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The increasing frequency and intensity of weather-related and other disaster events combined with the growing representation of older adults in the overall population have created a new environment in which public health and prevention planning and programs will need to actively promote the resilience of older adults. Resilience-building efforts of public health departments to support a range of emergency response issues are not always tailored for older adults and thus may not make accommodations for their needs. Relatedly, aging-in-place efforts (specifically age-friendly communities and villages), which have arisen to support older adults' social, economic, and residential needs, often do not focus on aspects of resilience-building.

The goal of this toolkit is to bring together those involved in aging-in-place support and those involved in disaster resilience efforts to improve the ability of older adults to withstand and rebound from the effects of natural and human-caused disasters. The toolkit endeavors to bring together these two fields that are currently engaging in separate, yet complementary, work; to identify their shared interests and functions; and to help them plan, implement, evaluate, and improve their independent and collaborative activities designed to promote older adults' resilience.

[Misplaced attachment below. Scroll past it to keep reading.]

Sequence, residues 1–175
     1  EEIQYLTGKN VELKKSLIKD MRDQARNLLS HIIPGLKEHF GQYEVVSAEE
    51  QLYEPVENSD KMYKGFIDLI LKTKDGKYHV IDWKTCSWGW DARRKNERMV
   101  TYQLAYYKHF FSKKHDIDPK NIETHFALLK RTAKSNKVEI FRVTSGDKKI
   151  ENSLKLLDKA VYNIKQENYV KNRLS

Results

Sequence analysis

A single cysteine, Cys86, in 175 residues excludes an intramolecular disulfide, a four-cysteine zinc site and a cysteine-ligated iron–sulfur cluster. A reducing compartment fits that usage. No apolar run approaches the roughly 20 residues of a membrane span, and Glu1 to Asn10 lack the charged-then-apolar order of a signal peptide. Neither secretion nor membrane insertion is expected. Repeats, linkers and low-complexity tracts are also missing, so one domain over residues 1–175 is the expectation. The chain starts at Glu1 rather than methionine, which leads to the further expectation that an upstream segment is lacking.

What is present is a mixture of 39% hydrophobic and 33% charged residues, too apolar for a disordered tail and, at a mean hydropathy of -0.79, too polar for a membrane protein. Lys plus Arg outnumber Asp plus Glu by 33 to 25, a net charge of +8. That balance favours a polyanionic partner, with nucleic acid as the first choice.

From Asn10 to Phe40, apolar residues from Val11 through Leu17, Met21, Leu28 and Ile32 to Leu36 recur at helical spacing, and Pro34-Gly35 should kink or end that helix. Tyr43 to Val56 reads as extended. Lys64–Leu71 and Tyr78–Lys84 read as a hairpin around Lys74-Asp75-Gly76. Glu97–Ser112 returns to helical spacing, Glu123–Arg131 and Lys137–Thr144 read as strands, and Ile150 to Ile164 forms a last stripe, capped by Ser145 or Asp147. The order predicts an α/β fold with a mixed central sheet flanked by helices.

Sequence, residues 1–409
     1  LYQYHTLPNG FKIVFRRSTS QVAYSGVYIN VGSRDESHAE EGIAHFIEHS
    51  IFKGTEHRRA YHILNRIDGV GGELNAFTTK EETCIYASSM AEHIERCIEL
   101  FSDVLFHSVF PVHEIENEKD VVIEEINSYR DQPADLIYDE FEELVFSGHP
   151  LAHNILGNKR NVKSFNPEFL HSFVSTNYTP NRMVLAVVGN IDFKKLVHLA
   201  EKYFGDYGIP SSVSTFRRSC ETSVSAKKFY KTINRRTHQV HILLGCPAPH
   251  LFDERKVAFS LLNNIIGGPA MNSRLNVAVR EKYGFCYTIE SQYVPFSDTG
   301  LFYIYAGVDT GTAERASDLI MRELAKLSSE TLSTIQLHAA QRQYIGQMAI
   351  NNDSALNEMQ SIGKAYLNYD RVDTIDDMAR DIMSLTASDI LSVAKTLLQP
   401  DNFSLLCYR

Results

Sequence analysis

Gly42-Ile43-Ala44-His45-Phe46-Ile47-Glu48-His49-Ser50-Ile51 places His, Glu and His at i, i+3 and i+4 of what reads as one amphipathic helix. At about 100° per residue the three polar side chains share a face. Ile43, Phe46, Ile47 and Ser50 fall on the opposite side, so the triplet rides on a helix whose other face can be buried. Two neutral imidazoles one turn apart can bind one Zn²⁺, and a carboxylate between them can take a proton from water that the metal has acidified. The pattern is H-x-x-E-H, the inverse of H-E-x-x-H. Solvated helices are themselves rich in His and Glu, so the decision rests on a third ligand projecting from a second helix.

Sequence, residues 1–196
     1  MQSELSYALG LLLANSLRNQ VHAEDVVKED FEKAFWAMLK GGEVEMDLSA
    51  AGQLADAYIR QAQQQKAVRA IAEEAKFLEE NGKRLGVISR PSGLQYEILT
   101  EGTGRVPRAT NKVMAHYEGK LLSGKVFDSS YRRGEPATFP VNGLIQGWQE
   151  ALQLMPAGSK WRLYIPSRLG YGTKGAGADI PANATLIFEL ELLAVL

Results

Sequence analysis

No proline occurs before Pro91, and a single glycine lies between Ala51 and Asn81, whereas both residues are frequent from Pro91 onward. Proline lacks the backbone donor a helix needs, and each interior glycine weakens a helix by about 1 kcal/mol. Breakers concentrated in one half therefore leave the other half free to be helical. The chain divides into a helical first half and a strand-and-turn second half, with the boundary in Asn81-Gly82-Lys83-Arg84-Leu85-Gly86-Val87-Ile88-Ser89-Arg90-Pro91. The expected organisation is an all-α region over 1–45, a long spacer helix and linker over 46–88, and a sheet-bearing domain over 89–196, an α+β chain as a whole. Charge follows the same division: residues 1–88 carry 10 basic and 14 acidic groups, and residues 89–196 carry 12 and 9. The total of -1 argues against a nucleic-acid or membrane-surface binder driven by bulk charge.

This research was sponsored by the Centers for Disease Control and Prevention and was conducted by RAND Health.

This report is part of the RAND tool series. RAND tools may include models, databases, calculators, computer code, GIS mapping tools, practitioner guidelines, web applications, and various toolkits. All RAND tools undergo rigorous peer review to ensure both high data standards and appropriate methodology in keeping with RAND's commitment to quality and objectivity.

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